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Here, he’s also merrily sourcing stock footage from Oxford Scientific Films and Fox’s DANTE’S INFERNO and I’m not sure what-all else. Anyone know what the massed ranks of crucifixions are from? I checked SPARTACUS but nope. A shot of twin chargers at a gallop suggested the hallucination from the ’40s JEKYLL where the horses turn into Ingrid Bergman and Lana Turner, but it’s not from there — but maybe the shot was SUGGESTED by that sequence, whose surrealism and sonic assault do suggest Russell’s visions and John Corrigliano’s brilliant, bruising score.

Intelligent design by Richard MacDonald: the squawk box Jessup communicates through when he’s in the tank is shaped sorta like the tank. And has a funny face!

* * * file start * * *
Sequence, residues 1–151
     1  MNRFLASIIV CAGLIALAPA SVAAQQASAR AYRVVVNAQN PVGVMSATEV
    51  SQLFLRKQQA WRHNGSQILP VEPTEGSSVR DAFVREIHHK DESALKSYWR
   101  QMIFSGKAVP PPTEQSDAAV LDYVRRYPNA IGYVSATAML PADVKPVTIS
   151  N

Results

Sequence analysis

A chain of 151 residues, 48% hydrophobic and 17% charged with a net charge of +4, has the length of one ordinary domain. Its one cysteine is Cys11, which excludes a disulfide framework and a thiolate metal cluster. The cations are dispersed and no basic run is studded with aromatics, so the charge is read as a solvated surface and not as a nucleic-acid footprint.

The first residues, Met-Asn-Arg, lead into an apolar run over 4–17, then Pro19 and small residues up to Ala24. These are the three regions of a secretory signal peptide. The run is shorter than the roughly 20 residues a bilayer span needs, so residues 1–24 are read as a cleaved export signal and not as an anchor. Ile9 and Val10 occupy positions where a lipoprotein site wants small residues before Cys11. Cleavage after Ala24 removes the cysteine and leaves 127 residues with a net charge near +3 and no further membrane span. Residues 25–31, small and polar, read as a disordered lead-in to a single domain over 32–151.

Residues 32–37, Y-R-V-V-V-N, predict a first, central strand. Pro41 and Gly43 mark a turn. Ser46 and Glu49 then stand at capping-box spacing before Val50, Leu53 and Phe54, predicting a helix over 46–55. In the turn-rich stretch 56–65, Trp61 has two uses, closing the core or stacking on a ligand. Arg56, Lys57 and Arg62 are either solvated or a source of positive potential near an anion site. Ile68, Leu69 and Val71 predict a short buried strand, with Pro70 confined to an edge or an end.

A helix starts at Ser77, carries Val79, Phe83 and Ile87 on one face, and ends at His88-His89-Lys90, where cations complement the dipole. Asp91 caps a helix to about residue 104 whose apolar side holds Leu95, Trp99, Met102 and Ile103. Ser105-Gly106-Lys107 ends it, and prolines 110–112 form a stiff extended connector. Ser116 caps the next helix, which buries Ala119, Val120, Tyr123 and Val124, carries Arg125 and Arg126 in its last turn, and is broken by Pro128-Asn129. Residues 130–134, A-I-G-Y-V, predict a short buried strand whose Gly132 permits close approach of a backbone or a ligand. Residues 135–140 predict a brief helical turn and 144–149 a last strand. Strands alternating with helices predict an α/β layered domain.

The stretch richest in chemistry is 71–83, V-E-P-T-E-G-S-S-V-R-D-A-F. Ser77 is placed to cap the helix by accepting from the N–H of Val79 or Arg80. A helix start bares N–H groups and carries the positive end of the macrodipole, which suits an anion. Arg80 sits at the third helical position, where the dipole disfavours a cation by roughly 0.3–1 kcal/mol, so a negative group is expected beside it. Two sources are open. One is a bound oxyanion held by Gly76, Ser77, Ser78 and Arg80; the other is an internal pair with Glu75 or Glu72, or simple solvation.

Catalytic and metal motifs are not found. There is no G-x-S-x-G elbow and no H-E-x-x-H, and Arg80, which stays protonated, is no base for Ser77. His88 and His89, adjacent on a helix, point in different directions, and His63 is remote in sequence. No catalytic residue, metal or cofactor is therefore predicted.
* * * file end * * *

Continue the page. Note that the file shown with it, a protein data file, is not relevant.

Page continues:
Fiona: “I would KILL to see this on the big screen!”

Me: “It’s one of the tragedies of this life that if you kill someone, you are in fact LESS likely to get to see ALTERED STATES on the big screen.”

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“I have nothing to say!”

The Sunday Intertitle: Raw

Posted in FILM with tags , , , , , , , on April 14, 2019 by dcairns

Seeing WITH LOVE AND HISSES at Hippfest with an audience and live accompaniment by Jane Gardner was great — it’s nobody’s idea of prime Stan and Ollie, but it’s a perfectly successful laugh-generator on the big screen. The boys are practically a trio in this, with James Finlayson granted a lot of screen time.

Fiona was convinced that Ollie is swearing in the above scene — “You bastard!” she read his lips. The DVD is definitely not sufficiently hi-res to allow me to confirm this.